Ruslan Demelkhanov, a school teacher who gives physical education and information science at the settlement of Starye Otogi has sued to the court against a well-known Moscow newspaper. He affirms the newspaper has posed his life to threat. It was done by Moscow publicist Vadim Rechkalov.
Journalist Rechkalov didn’t attempt the life of teacher Demelkhanov. He neither threatened him, nor persecuted him. He didn’t know any teacher Demelkhanov at all. Possibly, teacher Demelkhanov either was not interested in professional activity by journalist Rechkalov till their paths crossed in a very dangerous way for the former.
Publicist Rechkalov accused teacher Demelkhanov of terrorism. It was not done as a metaphor or exaggeration. The newspaper said “our correspondent has found 33rd terrorist from Beslan.” Such was the title of the article. In the article there was a group photograph where Ruslan Demelkhanov was circled for distinguishing. 25 December 2006 the material was published in a number of copies more than one million.
During one day, a modest PT instructor and information science teacher became publicly known terrorist.
To make it clear, yes, Rechkalov didn’t know that he had “figured out” just a teacher Demelkhanov. He believed he had found and circled on the photo the terrorist Maziev. He might have decided to start looking for terrorist Maziev based on the words by the Head of parliament panel investigating events in Beslan Alexander Torshin. The latter announced that unknown before 33rd terrorist from the group attacking Beslan named Yunus Maziev –personal guard of Shamil Basaev - had been placed in the wanted list.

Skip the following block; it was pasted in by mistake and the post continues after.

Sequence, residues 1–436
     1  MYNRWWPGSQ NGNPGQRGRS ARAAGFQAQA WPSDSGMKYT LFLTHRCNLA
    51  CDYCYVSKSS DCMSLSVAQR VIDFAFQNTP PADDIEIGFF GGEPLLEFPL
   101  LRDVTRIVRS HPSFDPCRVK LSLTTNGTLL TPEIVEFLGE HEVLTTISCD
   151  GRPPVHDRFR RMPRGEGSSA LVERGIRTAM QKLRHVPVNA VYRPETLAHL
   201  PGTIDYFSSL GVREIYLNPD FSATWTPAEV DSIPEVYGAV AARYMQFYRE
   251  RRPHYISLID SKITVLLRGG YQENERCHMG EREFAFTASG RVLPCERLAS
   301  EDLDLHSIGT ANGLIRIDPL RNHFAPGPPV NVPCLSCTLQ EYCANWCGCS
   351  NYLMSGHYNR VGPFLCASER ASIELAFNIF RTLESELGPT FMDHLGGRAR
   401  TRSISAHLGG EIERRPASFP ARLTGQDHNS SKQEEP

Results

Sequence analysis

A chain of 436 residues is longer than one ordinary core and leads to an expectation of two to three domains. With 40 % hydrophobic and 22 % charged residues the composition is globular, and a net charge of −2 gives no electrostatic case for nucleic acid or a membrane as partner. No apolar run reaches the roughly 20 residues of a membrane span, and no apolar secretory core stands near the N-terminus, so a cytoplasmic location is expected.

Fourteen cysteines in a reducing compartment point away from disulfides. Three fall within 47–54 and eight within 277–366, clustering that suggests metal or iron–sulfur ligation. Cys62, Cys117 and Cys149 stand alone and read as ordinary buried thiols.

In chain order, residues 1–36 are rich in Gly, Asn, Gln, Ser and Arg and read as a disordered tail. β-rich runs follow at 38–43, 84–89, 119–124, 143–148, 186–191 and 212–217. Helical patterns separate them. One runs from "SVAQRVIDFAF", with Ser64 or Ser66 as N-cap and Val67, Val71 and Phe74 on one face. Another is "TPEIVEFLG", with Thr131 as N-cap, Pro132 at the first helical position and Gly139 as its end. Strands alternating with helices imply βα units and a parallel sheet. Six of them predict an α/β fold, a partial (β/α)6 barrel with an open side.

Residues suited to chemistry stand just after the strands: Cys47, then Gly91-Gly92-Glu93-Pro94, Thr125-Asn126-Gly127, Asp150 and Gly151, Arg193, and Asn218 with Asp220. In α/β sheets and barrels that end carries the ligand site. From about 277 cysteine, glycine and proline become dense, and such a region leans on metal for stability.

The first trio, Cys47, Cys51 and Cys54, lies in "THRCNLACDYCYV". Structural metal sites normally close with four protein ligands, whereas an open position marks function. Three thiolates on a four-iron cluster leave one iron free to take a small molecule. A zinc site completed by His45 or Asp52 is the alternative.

One may assume, publicist Rechkalov picked up the scent. We wouldn’t try guessing who was his guide and who showed him secret paths, but the “trace” led Rechkalov not to a hidden shelter in Chechen woods. It led him to the Internet where at one of the forums he found some young chatting to one another under nick names as it is usual for Internet chatting. “Easily”, Vadim Rechkalov found out one of them to be the wanted “terrorist”.
“Yunus to Vanted: ‘Take a look at this picture. The first guy from the left to right is a good sniper. Be aware of him! :)))’ Link pointed by Maziev is a school photo. The first one from the left to right is a tall guy. I couldn’t understand why Maziev points this particular man and calls him a good sniper. Actually, he shops this guy to authorities as any day the special unit may come to his house with “cleaning” purpose. One Chechen explained me the sense of that. He said ‘most probably, it’s Maziev himself who is pictured in the photo. It’s not common with Chechens to boast openly. But it’s a normal Chechen trick to show oneself on the photo and to tell about oneself in the third person. It looks like you said about someone other, but boasted about yourself’ ”.